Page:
Fast forward 15+ years.  Our children are now 38, 37, and 34.  Our son has two children: a fourteen-year old girl and a two-year old boy.  Our middle daughter has a five, soon to be six-year old, girl.  Our youngest has no children, but is up to her schnutz in horses, dogs, and cats.  Her kindness to these animals and her way with them so very pleases her father and I.

My point is that when we see Michael with his children, Melissa with her daughter, and Robyn with her responsibilities and skill with animals, we are so very proud.  

Each year Melissa throws a huge party for her daughter's birthday.  At least a hundred are invited, and very close to that hundred, if not more, attend.  She hires moon bounces, ponies, face painters all to entertain all these wee ones and often their older siblings.  She invites parents, grand parents, and extended family.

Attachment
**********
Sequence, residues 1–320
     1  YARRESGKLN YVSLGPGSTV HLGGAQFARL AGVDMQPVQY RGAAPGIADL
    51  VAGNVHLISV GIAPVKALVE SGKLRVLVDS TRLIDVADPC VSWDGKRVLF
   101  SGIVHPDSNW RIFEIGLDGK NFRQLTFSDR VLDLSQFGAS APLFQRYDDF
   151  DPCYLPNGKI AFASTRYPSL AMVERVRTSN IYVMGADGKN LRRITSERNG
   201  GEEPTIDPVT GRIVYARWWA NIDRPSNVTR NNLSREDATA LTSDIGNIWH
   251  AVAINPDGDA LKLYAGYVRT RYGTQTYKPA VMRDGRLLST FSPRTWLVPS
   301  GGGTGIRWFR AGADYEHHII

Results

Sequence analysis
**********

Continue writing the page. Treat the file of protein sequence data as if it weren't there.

Last year's party was a huge success. (Daughter in yellow, son in blue, and me in aqua).


Kids of all ages had fun.



This year's party in in the planning stages.  I had one question for daughter -- "Why so big?  Why so many"?  Her reply:  "When I was little I remember in regard to birthday parties, someone was always left out.  Sometimes it was me; sometimes others.  The ones left out always feel bad.  I swore that if I ever had children, no one would ever feel that way because of me."

And I guess that says it all.

Monday, March 10, 2014

And We Feared Computers Would De-Humanize Us

Well Tabor at One Day At A Time and Mage at Postcards have really gotten a lot of us thinking about why we write our blogs.  Me, too.  I began writing KATHY'S PEACE a few years ago because of the nudging, prodding, okay, downright harangue of one Cheryl at MyLadeda.  At the time I did it because of the novelty, now that I've left my classroom and all my wonderful colleagues, it's an important connection to me; a reminder that I'm not alone.